Key Tracks: Run Away With Me, Emotion, Gimme Love, All That, Boy Problems

Royal Headache – High

 Rock & Roll in 2015? Still sounding fresh? That’s exactly what High delivers, an excellent follow-up to Royal Headache’s self-titled 2011 debut. It’s a mix of British-style punk rock, garage rock that takes cues from The Strokes, and as with the previous album, lead singer Shogun is what seperates this band from the rest. His vocal style, which ranges from punkish yells and screams (“My Own Fantasy”, “Another World”), to sombre, soulful crooning (“Wouldn’t You Know”). The last album was kinda noisy and lo-fi, this one’s more polished with some better production without ruining the group’s sound. 
Key Tracks: My Own Fantasy, Need You, Another World, Wouldn’t You Know, Carolina, Little Star

The Chills – Silver Bullets
 The first Chills album since 1996, and Martin Phillipps delivered in every regard. I’d rank this right up there with their best output, slotting in easily alongside Submarine Bells. From those first resonant chords of “Warm Waveform” right up until the bright, upbeat guitar throughout “Molten Gold”, Silver Bullets is simultaneously familiar and fresh. 
Key Tracks: Warm Waveform, Silver Bullets, Underwater Wasteland, America Says Hello, I Can’t Help You, Molten Gold

Courtney Barnett – Sometimes I Sit and Think, and Sometimes I Just Sit

 Courtney Barnett proves she can do just about anything with a guitar and a captivating set of lyrics on Sometimes I Sit and Think, and Sometimes I Just Sit, the quintessential folk-rock portrayal of quarter-life crises that people in their mid-20s often experience in this part of the world. Ranges from rollicking & energetic (“Pedestrian at Best”, “Aqua Profunda!”) to melodic & heartfelt (“Depreston”, “Small Poppies”), a tour de force in the truest sense.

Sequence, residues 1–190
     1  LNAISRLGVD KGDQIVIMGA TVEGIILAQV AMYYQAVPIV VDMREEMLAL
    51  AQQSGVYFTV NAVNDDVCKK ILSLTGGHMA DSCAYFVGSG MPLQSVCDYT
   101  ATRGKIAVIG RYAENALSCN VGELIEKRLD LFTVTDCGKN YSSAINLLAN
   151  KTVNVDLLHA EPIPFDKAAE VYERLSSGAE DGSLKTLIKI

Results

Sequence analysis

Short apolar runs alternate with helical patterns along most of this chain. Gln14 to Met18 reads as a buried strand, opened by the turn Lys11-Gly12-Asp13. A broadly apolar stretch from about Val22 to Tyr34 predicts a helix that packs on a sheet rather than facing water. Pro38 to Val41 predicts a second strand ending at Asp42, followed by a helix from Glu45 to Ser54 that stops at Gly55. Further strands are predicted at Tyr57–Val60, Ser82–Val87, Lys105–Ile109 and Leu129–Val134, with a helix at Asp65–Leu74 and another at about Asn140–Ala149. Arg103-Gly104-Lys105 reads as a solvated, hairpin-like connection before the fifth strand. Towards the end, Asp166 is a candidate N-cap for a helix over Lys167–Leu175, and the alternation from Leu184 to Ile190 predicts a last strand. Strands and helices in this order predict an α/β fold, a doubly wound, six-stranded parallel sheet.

Key Tracks: Pedestrian at Best, Small Poppies, Depreston, Aqua Profunda!, Nobody Really Cares If You Don’t Go to the Party

Kendrick Lamar – To Pimp a Butterfly

 What can I say that hasn’t been said? I was anticipating this album ever since good kid, m.A.A.d city and it exceeded my expectations in every way possible. So pleased to see Kendrick’s efforts pay off by breaking through into mainstream appeal and acceptance. It’s staggeringly well produced, features a range of eclectic sounds, instrumentation and sampling, and Kendrick’s rapping and wordplay has reached another level. It’s really just a celebration of African American music, and another chapter in Kendrick Lamar’s engrossing journey.
Key Tracks: Wesley’s Theory, King Kunta, These Walls, Alright, The Blacker The Berry, i

Neon Indian – VEGA INTL. Night School

 VEGA INTL. Night School is loosely a concept album, fashioned in the style of 1980s synthpop around the façade of a neon-lit nightclub, just as the artwork suggests. Chillwave tends to get a bit of a bad rep for its obsession with nostalgia and older aesthetics, but I think this album is incredibly fresh and original, outshining a few contemporary releases that blatantly re-hashed 1980s synthpop. (CHVRCHES, looking at you) The middle section in particular is spectacular, starting with the infectiously groovy “The Glitzy Hive” and ending with prog-synth extended piece “Slumlord” and “Slumlord’s Re-lease”.
Key Tracks: Annie, The Glitzy Hive, Dear Skorpio Magazine, Slumlord, Slumlord’s Re-lease, 61 Cygni Ave